China can help India fight desert locust invasion
Published: Jun 28, 2020 08:03 PM

Photo taken on June 11, 2020 shows locusts swarming over a field near a residential area in Prayagraj, India's northern state of Uttar Pradesh. (Str/Xinhua)

China could help India to address a locust plague with its emergency response capacity in pest control, although Chinese experts and industry insiders pointed out that the Indian government should create the right conditions for such disaster relief, citing the "boycott China" movement in the country and intentional delays at Indian customs in recent days.

The locust plague has been developing in South Asia since late last year, but it is getting worse in India and swarms of locusts arrived over the weekend at Gurugram, a satellite city of the Indian capital New Delhi.  

Being hit at the heart at the country revealed a failure in India's campaign to keep the desert locusts at bay, with some control measures apparently compromised by the economic disruptions of the COVID-19 pandemic, experts said. 

He Xiongkui, a professor at the China Agricultural University and an expert in pesticides and specialized equipment, said although India has a large domestic pesticide industry, the country lacks the comprehensive capacity of the Chinese pesticide sector.

"In particular, what we see in the locust attack at New Delhi is India's weak points in emergency response capacity," He said, noting that such capacity involves producing massive amounts of specialist equipment at short notice - a capacity deriving from a well-established industrial chain.

A tractor-mounted sprayer cannon can cover 0.67 square kilometers over five hours. He estimated that the New Delhi city government will need 500-1,000 large, vehicle-based pesticide sprayer cannons to fight the current locust attack.

"If India can't meet such demands, Chinese manufacturers can," He said.

"People need to fight the locusts on the hills, people need to fight them on dry land, and people need to fight them on irrigated fields," said Su Yi, chairman of Beijing-based Sino-agri Leading Biosciences Co. "To do that, people need specialized equipment." 

"Ideally, a locust swarm should be ambushed to death along its migration route to the capital, by quickly spraying huge loads of pesticide on crops grown in an entire region that is known to be the locusts' next foraging ground," said Su. "Now that they are already in urban areas of New Delhi, mass spraying poses hazards to people and animals."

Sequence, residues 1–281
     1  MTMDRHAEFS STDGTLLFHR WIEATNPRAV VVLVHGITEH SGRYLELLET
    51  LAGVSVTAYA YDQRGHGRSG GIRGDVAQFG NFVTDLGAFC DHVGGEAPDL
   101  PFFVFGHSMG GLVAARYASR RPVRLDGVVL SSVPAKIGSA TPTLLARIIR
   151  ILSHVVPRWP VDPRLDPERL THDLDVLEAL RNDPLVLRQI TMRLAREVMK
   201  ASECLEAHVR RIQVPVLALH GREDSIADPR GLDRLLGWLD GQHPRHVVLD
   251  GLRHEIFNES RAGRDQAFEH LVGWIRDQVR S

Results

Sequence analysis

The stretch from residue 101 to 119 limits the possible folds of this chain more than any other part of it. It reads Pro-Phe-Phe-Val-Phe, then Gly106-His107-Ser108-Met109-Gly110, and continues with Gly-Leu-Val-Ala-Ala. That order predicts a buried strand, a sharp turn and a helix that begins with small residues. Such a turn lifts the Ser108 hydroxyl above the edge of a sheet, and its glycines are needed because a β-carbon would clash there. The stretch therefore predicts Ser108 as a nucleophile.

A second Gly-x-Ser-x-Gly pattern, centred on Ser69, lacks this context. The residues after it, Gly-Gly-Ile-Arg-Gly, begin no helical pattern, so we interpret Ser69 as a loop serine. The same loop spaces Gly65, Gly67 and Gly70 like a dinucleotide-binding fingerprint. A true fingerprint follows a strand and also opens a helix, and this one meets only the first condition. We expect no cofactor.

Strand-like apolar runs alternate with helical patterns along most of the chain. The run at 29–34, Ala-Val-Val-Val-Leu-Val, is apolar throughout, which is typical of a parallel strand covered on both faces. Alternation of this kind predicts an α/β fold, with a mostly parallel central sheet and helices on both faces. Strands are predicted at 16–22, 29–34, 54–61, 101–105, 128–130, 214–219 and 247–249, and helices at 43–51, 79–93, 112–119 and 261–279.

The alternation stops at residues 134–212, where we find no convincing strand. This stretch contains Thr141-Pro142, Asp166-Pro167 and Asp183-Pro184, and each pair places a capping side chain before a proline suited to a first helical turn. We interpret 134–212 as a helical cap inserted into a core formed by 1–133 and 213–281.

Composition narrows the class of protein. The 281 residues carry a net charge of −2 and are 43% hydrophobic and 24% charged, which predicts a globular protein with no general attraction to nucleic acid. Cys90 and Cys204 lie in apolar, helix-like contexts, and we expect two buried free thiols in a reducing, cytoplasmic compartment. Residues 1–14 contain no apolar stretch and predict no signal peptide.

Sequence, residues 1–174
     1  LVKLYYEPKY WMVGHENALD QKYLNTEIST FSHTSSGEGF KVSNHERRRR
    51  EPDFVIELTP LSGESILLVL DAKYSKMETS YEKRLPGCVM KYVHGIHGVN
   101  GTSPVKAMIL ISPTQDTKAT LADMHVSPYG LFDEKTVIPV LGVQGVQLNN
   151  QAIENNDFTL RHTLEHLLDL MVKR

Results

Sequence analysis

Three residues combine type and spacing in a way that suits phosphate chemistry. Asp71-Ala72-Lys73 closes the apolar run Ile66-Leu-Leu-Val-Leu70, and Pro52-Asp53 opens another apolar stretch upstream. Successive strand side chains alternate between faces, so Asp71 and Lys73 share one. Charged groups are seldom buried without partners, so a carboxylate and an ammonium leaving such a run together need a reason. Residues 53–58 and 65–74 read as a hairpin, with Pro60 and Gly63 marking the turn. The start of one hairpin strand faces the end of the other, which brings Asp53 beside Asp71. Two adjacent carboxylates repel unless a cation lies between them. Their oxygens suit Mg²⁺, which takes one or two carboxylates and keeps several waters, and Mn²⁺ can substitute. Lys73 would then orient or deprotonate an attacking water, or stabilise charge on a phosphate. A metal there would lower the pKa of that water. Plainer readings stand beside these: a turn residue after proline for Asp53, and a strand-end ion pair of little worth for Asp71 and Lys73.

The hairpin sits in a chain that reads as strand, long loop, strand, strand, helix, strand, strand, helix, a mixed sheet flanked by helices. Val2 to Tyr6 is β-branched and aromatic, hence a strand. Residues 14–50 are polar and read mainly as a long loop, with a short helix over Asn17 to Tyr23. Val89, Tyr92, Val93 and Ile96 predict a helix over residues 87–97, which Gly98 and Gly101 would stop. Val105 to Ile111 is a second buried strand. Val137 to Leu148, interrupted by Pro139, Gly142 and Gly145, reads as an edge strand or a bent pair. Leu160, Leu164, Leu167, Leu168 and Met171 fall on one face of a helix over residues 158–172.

"I fear for the fate of the greenery and gardens in New Delhi," Su said.  

Indian authorities have reportedly warned local residents to close their windows to keep the locusts away. 

"India has a huge gap with China in terms of manufacturing large agricultural machinery, whereas Chinese makers of such specialist equipment can effectively close these gaps," said Zhang Zhishi, general manager of Shandong Province-based Huasheng Zhongtian, a leading pesticide machinery maker.

Huasheng sells a wide range of pesticide sprayers from tractor-based giant sprayers to the more usual lightweight models that can be carried by a single person, with prices ranging from $20 to $1 million. 

"The problem is, India has long been placing curbs on Chinese products, carrying out a 'politics first' stance toward trade with China," Zhang said.

Beyond the India's media fanning of the flames with calls to boycott Chinese products, the Indian customs authority is reportedly putting some containers from China on hold for intensive inspection amid recent bilateral tensions.

A small swarm of desert locusts eats as much in one day as about 35,000 people, according to the UN Food and Agriculture Organization. Locusts can also travel 150 kilometers a day.

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